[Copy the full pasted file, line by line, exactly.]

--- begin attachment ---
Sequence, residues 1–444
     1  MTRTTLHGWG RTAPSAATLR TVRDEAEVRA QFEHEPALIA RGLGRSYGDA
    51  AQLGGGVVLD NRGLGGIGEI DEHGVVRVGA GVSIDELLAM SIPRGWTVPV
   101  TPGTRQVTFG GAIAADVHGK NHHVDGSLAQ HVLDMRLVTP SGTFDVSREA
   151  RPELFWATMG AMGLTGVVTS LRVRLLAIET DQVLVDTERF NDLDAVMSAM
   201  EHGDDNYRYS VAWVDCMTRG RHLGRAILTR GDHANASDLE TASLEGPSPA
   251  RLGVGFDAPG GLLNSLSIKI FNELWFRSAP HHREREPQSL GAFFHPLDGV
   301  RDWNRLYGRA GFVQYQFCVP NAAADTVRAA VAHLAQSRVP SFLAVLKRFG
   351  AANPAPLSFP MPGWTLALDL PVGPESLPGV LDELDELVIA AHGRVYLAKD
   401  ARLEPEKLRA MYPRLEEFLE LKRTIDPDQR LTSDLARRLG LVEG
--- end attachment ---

Sequence, residues 1–444
     1  MTRTTLHGWG RTAPSAATLR TVRDEAEVRA QFEHEPALIA RGLGRSYGDA
    51  AQLGGGVVLD NRGLGGIGEI DEHGVVRVGA GVSIDELLAM SIPRGWTVPV
   101  TPGTRQVTFG GAIAADVHGK NHHVDGSLAQ HVLDMRLVTP SGTFDVSREA
   151  RPELFWATMG AMGLTGVVTS LRVRLLAIET DQVLVDTERF NDLDAVMSAM
   201  EHGDDNYRYS VAWVDCMTRG RHLGRAILTR GDHANASDLE TASLEGPSPA
   251  RLGVGFDAPG GLLNSLSIKI FNELWFRSAP HHREREPQSL GAFFHPLDGV
   301  RDWNRLYGRA GFVQYQFCVP NAAADTVRAA VAHLAQSRVP SFLAVLKRFG
   351  AANPAPLSFP MPGWTLALDL PVGPESLPGV LDELDELVIA AHGRVYLAKD
   401  ARLEPEKLRA MYPRLEEFLE LKRTIDPDQR LTSDLARRLG LVEG